I Wish We Could All Get Along

There are trends in things like dog training or child rearing that come and go through the years: to spank or not to spank; to use food or not use food, etc. Each trend reaches a peak and then slowly eases back until another new discovery or enlightenment comes along.

                  Dr. Ian Dunbar began the delightful trend of "dog-friendly" dog training all those years ago. What a revelation it was at the time: the idea of using food and positive reinforcement to teach basic commands; moving away from strict AKC-like standards to an outlook of more of a camaraderie between family and pet dog! Dr. Dunbar also emphasized reaching all dog trainers with these new ideas; not to turn anyone away, or revile anyone's style: it was more important to try and get as many trainers as possible on board with these new ideas.

                  And so the pendulum of friendly dog training slowly began to swing until it has now become nearly the norm to see dogs as individuals and to train each in a positive manner according to their unique temperaments and personalities. However, that pendulum continued to swing - higher and higher until it reached perhaps its highest point and got stuck there for a while. And a new "breed" of dog trainer emerged from that highest point: those who are no longer dog-friendly - they are "truly dog friendly". What does this mean? It usually means that such trainers are committed to training "without pain" and without any aversives. So why would I be writing about this, you wonder? Let me explain.

                  I have no issue with the concept of the most gentle training possible. Of course, every dog is different so we have to remember that what might be aversive for one dog might not be aversive at all for another. So we have to be careful when trying to determine what is truly aversive or painful to any individual dog. And I have a problem with those who, through the use of rigid statements ("I train without pain" - "stay away from those trainers who want to hurt your dog") are being dishonest in what they are actually doing in their training. I am a purist about rigid statements - if you're going to make them, then you darn well should be living by them, and not only by your own subjective reasoning.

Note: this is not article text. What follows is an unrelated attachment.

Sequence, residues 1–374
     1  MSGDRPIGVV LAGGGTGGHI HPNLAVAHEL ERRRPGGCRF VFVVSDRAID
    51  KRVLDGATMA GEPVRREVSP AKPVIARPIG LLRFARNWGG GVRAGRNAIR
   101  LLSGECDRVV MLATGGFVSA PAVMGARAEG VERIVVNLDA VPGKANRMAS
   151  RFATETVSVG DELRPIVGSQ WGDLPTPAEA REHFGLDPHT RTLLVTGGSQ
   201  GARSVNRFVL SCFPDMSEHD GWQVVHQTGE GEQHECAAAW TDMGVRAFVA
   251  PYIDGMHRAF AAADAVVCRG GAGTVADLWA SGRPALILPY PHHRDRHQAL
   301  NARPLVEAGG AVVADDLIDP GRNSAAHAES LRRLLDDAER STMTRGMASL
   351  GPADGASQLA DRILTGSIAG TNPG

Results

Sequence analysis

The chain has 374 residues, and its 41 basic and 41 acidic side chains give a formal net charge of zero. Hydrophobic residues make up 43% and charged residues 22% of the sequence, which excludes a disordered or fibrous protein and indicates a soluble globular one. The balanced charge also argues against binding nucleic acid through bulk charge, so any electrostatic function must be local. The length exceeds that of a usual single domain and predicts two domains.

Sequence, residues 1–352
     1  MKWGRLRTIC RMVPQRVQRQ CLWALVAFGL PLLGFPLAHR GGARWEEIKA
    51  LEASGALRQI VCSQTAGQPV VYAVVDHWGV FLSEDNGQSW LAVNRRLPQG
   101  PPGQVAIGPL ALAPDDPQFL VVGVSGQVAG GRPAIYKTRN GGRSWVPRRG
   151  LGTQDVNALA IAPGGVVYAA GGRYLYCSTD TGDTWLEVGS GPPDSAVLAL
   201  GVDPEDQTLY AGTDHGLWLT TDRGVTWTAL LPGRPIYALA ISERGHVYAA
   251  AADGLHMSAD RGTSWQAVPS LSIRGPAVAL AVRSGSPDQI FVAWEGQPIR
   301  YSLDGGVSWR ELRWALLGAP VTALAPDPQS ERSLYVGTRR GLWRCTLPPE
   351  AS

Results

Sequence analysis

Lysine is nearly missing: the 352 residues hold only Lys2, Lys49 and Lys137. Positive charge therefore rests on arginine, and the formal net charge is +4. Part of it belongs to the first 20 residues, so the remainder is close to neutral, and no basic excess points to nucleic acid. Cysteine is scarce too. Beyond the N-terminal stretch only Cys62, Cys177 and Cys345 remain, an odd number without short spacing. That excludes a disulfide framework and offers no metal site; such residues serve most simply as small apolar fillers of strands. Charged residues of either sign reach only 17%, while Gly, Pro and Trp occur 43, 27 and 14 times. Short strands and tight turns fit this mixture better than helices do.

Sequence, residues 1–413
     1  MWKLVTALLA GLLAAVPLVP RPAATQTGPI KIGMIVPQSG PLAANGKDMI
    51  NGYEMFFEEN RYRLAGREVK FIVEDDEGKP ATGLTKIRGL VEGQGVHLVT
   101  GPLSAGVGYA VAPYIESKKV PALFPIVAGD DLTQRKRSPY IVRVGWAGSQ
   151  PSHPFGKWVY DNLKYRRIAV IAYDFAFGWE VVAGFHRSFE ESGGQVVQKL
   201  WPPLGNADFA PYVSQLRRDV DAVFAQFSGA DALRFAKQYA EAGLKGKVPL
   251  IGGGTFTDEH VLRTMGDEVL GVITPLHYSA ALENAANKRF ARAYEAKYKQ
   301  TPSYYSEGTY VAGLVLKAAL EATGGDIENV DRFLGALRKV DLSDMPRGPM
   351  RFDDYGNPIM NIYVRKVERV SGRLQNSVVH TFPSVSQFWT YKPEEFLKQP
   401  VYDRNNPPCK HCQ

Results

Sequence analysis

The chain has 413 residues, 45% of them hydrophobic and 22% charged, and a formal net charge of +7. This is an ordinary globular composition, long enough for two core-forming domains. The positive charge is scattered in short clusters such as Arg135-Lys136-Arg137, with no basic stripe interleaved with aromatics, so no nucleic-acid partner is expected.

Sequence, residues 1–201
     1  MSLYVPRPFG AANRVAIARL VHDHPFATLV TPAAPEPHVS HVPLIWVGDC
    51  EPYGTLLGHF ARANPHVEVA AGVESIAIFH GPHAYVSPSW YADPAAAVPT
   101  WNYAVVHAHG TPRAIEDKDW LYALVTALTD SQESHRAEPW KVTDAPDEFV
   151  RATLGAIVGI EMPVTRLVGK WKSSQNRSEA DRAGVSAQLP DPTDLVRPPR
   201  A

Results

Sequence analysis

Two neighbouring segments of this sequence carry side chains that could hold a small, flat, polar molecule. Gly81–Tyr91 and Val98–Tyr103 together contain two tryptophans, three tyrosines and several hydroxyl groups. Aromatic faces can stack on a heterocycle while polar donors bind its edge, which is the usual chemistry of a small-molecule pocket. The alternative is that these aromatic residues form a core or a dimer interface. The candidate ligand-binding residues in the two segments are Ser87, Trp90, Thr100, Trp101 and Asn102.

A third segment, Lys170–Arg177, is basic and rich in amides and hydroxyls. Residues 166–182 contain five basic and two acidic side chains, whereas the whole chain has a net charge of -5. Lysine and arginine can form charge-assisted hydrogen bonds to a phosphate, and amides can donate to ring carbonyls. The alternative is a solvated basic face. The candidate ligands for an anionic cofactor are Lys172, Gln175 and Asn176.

Because - who is the one to define things such as "pain", and "discomfort"? Where do we draw the line so that one trainer is "hurting dogs" and another isn't?

                  There are obvious examples of those who do train harshly and punitively - we can all agree on that. It's the more subtle levels of discomfort that I have issue with. If someone is going to take a defensive and moral stance regarding their non-painful methods, then I can certainly hope that there really is no "pain" involved.

a) martingale collars: work because they tighten around the dog's neck if he pulls, causing enough discomfort to decrease the pulling

b) head halters: work because they control the dog's head, disallowing pulling or lunging. Many dogs greatly resist them; they can rub against the dog's face, causing loss of hair and discomfort.

c) no-pull harnesses: work because they tighten around the dog's chest or under their arms - causing discomfort.

d) crating: all too often used excessively - dogs are left in them for most of the day and all of the night. I have heard several "all positive" trainers advocating this sort of use of the crate for management, saying that it's "okay" as long as the dog is getting "quality time" when it is out of the crate.


                  I am not writing this to advocate the use of aversives or non-friendly dog training, or a return back to the darker ages before Ian came along....I am writing this in the wish that clear eyes and honesty could prevail. Rather than emotional advertisements and diatribes regarding whether someone causes "pain" when they train - look to the reality of what other trainers are doing. It could be that using patience and kindness with some of these other trainers might actually help some of those who are  harsh come  around to a more gentle way of training. And it is also possible that many of them *are* more dog-friendly than you might have thought - we all need to adjust our definitions!